It’s been something of a maxim in computing circles that processing power (however you choose to measure it) increases over time. This is a good thing, given that it enables faster performance and the development of new applications that would simply be impossible under older hardware. There’s Moore’s famous Law (really more of an observation, but I’m nitpicking) that the number of transistors that can be placed on an integrated circuit doubles roughly every two years. More transistors equals greater performance, in other words.
That pace of progress is a good thing in certain ways, but it does mean that systems can become obsolete from a technical standpoint long before they actually stop working as functional machines. The salespeople of the world would be delighted for us all to update our desktops and laptops every one to the three years, but there are plenty of PCs that manage service lives of a decade or more, even though what’s under the hood is well behind the cutting edge. They certainly won’t run the latest games, many of the latest applications or operating systems.
Except, that is, when they do.
Speaking recently at Microsoft’s Worldwide Partner Conference in California, Tami Reller, corporate vice-president of the Windows division announced that the next version of Windows, currently known only as Windows 8, should have the same minimum system requirements as Windows 7 currently does. It won’t be quite the same experience across systems, as Windows 8 will dynamically adapt performance based on the system it’s running on.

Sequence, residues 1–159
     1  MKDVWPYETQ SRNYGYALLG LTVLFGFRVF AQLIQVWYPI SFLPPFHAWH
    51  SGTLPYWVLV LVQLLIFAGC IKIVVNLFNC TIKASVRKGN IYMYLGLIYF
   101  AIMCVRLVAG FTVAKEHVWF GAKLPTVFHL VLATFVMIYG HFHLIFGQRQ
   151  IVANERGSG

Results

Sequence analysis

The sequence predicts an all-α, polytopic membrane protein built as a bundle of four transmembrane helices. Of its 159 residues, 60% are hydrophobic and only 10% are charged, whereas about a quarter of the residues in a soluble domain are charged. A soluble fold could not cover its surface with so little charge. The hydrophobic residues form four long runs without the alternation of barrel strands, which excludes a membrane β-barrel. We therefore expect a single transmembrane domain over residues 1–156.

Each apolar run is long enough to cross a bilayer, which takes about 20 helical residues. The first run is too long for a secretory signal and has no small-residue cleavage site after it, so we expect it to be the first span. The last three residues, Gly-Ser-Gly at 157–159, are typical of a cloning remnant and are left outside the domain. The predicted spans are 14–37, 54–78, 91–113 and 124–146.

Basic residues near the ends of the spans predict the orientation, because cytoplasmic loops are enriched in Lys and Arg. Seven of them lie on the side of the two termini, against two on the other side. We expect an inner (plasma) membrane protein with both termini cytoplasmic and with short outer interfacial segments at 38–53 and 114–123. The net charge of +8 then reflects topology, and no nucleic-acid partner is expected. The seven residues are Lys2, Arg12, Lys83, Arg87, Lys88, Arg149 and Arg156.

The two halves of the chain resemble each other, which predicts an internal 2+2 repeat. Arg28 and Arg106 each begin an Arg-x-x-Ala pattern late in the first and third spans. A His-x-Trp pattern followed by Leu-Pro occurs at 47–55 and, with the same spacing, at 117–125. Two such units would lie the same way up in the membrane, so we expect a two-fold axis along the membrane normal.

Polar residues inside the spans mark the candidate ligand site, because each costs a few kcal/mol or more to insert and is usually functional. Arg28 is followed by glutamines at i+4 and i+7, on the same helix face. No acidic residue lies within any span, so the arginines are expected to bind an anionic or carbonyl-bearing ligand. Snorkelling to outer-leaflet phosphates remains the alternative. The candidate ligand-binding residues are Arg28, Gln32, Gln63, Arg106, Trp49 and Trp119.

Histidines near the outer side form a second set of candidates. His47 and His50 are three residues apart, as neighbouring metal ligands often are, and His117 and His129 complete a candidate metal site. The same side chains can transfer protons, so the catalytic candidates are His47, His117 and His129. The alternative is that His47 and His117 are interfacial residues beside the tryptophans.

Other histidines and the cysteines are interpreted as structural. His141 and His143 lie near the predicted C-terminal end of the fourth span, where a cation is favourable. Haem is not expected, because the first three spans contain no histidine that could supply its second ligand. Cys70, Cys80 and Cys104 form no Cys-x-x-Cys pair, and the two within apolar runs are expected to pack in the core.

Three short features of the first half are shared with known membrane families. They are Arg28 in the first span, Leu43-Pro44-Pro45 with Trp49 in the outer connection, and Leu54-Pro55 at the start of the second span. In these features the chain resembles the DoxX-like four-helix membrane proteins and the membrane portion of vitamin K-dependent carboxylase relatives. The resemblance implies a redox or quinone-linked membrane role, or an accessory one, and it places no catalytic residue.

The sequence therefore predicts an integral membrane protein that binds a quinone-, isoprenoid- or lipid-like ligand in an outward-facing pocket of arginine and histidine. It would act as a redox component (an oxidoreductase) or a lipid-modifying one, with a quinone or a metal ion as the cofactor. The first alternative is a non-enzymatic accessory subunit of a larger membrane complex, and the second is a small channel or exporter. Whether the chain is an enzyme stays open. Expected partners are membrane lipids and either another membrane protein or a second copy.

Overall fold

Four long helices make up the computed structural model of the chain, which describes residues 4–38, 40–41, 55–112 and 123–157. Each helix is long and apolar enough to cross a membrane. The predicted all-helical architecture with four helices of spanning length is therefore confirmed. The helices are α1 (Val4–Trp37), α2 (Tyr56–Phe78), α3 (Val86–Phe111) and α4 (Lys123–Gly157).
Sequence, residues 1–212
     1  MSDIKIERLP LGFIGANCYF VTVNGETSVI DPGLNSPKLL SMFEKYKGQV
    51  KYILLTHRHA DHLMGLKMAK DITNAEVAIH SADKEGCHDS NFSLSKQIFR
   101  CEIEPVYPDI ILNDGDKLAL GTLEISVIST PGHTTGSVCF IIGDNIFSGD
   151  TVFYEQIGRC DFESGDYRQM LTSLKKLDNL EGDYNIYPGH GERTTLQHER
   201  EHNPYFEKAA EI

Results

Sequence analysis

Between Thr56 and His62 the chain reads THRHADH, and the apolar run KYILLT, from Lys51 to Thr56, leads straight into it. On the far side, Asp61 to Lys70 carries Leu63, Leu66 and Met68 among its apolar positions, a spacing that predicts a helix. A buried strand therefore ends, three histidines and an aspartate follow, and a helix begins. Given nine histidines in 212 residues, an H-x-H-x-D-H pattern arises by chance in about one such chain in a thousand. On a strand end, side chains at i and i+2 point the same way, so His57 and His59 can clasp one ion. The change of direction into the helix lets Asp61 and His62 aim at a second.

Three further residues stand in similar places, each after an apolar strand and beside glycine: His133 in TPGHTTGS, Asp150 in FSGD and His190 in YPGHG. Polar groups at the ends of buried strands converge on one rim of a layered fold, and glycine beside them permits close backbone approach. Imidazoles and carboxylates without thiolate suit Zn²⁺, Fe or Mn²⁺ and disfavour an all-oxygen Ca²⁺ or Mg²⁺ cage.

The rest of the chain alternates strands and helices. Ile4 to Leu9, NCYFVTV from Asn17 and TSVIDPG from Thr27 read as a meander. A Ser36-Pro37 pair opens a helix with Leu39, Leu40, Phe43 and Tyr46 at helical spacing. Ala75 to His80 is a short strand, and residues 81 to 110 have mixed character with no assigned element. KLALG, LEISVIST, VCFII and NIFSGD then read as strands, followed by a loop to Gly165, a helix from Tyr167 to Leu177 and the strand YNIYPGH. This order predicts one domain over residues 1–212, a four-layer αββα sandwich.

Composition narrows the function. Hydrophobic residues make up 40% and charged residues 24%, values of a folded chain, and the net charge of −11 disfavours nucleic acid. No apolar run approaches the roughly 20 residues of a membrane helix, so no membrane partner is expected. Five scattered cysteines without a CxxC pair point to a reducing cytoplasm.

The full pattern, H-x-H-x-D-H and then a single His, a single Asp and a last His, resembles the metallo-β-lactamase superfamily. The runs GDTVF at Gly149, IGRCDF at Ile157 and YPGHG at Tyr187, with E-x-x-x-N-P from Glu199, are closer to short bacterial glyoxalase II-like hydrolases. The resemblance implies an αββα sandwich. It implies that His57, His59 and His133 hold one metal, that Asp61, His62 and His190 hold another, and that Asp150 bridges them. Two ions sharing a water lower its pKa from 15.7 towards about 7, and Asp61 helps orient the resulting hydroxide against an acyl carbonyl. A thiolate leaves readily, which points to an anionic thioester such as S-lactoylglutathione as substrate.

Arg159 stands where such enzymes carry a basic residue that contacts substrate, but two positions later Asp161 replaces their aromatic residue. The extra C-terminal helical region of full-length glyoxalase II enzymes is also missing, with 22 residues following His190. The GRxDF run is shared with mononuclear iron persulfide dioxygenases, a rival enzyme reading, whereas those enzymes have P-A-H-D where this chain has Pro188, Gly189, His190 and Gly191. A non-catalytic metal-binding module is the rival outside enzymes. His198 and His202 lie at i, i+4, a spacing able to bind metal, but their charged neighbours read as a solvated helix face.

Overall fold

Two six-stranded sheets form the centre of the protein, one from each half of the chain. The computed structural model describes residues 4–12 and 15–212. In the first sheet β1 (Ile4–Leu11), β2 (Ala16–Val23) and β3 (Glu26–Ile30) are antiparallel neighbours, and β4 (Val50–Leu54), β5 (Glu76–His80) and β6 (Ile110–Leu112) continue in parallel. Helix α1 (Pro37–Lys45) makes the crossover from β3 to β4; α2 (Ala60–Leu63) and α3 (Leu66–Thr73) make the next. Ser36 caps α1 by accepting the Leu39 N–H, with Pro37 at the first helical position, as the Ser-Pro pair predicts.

Without a doubt, Windows 7 currently runs better on a high end system than a low end one, but the important detail is that Microsoft’s planning to keep the minimum supported specification effectively frozen for quite some time, especially when you consider that the system requirements for Windows 7 are essentially the same as they were for Windows Vista. A 1GHz processor is hardly cutting edge, but if Microsoft can keep to Reller’s claimed (and widely reported online aim) of “keeping system requirements either flat or reducing them over time” then Windows 8 might just run on some very old hardware indeed.
It’s early days yet — we won’t even see Windows 8 on store shelves this year, and there’s speculation but no strict timeline for when Windows 8 will launch.
It’s a fascinating move from Microsoft, especially in contrast to the software offering that (at the time of writing) Apple’s just about to launch, OS X 10.7, AKA “Lion”. Like its predecessor, “Snow Leopard”, Lion won’t run on older PowerPC based Macs, but it also drops the software that allowed older PowerPC applications to run from the operating system entirely, as well as not supporting some of the very first Intel-based Macs either.
There are catches here; obviously some systems do die a death faster than others whether due to wear and tear, design or even just old-fashioned bad luck. New hardware isn’t just about processing power; you can also add other new and interesting features to a system by updating it regularly, and depending on your use of a computer, that may make sense to you. If you’re on the other end of the spectrum and need every last watt of power you can wring out of your hardware, Microsoft’s plans are certainly more appealing than Apple’s.